VIENNA (Reuters) -- The Iranian president's announced readiness to send enriched uranium abroad signals a wish to cooperate for a deal with big powers to ease nuclear tension, Tehran's envoy to the UN atomic agency has said.
Ambassador Ali Asghar Soltanieh told Reuters he had not notified the International Atomic Energy Agency of any new Iranian position on the IAEA-brokered proposal, stalled for months by disputes over where and how to carry it out.
Russia, France, and the United States, the other parties to the plan under which Iran would swap potential atom bomb material for fuel for nuclear medicine, want Tehran to inform the IAEA of Mahmud Ahmadinejad's gesture to prove he is serious.
Ahmadinejad said on February 2 that Iran was now prepared to send low-enriched uranium (LEU) abroad before getting reactor fuel back. Before, Tehran insisted on small swaps on its own soil.
That would defeat the draft plan's purpose of reducing Iran's total LEU reserve below the quantity required to set off an atomic bomb, if it were refined to high purity.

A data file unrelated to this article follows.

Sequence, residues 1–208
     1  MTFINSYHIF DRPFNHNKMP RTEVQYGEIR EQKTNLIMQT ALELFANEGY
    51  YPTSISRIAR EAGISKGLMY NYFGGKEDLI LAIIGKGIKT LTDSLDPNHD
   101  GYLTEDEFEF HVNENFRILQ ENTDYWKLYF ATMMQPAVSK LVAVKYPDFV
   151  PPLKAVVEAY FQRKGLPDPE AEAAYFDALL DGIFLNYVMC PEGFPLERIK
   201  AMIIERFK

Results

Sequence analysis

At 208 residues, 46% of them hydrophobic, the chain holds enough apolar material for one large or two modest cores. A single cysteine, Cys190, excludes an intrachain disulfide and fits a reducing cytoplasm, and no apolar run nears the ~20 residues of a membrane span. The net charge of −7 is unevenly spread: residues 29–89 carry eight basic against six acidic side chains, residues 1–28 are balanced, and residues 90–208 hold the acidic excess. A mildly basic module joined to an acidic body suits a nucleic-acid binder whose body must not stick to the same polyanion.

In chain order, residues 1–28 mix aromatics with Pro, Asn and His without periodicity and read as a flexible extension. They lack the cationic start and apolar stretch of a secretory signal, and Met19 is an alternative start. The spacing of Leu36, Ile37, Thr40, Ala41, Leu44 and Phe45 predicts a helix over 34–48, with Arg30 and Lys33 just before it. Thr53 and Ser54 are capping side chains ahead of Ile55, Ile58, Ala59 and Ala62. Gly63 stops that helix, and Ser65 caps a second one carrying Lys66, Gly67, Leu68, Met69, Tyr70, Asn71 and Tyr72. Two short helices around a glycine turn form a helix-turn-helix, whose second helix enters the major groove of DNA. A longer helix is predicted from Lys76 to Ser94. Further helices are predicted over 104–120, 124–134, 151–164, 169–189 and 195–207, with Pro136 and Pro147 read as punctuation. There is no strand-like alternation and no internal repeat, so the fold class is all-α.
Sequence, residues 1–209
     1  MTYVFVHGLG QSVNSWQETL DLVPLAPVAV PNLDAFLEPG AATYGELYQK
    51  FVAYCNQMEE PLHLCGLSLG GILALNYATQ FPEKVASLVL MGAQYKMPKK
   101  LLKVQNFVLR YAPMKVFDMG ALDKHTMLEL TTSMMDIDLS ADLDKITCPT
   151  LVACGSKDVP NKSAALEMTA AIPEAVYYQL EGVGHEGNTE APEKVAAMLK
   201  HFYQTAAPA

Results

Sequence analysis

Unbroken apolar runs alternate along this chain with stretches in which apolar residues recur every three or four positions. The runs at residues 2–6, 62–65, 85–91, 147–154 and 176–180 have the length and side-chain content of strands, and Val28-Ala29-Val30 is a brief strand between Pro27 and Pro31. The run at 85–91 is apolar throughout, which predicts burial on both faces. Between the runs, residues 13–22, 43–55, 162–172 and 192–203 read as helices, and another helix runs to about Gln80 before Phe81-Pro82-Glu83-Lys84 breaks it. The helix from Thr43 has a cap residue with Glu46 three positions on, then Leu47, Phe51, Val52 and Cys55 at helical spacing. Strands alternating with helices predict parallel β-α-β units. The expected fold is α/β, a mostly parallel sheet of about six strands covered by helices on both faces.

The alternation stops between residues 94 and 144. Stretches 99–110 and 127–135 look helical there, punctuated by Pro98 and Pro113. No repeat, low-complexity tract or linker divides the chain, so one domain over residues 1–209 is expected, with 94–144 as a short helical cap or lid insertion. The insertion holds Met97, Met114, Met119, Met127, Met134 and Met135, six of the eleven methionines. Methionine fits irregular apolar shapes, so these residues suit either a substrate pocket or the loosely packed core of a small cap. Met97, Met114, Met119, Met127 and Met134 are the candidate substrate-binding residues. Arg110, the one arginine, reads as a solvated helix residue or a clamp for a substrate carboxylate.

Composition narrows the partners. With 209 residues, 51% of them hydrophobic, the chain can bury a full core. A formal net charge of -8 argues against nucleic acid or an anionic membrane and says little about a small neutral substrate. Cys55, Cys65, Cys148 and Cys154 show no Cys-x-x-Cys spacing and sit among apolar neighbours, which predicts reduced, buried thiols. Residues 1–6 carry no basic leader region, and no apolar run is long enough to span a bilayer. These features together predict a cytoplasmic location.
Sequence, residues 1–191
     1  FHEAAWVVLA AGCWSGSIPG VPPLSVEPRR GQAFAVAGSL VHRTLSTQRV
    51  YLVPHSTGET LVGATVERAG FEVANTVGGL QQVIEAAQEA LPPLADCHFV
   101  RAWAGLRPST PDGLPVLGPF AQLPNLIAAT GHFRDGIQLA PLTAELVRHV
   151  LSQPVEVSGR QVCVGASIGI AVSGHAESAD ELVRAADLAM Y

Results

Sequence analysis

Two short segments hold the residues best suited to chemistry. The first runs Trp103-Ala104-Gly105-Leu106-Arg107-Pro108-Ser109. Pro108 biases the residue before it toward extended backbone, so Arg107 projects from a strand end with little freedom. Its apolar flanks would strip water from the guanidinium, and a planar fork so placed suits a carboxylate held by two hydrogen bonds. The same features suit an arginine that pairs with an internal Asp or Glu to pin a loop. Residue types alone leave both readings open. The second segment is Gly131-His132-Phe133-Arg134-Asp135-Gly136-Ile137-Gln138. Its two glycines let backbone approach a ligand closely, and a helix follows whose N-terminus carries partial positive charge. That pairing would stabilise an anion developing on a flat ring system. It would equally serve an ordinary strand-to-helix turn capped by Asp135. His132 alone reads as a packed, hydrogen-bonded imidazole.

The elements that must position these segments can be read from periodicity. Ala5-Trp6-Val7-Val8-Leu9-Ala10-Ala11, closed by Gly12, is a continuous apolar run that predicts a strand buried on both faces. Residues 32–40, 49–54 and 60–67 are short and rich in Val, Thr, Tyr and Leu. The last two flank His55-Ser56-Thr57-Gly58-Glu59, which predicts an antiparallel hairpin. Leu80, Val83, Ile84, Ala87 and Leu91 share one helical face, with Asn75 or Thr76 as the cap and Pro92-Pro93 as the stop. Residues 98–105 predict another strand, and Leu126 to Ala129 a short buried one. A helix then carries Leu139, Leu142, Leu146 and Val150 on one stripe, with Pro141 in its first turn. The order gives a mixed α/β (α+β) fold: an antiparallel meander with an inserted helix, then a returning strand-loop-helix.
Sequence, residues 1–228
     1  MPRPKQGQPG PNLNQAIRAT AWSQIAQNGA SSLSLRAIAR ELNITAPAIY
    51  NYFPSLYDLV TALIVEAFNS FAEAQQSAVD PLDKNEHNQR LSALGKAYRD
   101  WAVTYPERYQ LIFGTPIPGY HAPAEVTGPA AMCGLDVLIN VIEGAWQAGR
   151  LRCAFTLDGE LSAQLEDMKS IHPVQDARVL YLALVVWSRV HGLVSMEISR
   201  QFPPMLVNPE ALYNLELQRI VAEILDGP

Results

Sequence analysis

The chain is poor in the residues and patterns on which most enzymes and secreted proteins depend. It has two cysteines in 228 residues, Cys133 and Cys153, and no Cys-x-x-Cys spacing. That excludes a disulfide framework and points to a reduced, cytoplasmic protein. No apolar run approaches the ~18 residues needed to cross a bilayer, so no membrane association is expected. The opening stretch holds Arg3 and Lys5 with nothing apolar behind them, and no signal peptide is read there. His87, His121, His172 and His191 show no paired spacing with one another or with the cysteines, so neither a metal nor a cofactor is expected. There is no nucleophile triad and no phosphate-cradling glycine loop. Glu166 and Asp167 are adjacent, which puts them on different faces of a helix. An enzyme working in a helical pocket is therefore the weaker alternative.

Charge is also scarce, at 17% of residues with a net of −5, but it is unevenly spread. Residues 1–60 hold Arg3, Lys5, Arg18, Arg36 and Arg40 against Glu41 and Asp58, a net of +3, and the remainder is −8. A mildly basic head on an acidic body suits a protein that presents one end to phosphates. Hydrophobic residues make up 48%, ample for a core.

"What my president said in fact shows that Iran has the political will to facilitate ... cooperation rather than confrontation, and now its up to the others to use this opportunity," Soltanieh said.
"His message is, in fact, a very positive, constructive message, testing the political and goodwill of others to shift gears from confrontation to cooperation."
Soltanieh said he had not conveyed Ahmadinejad's gesture to IAEA chief Yukiya Amano. Asked whether this would raise doubts whether Tehran had really shifted position, he said: "Please don't make a judgment." He declined to be specific.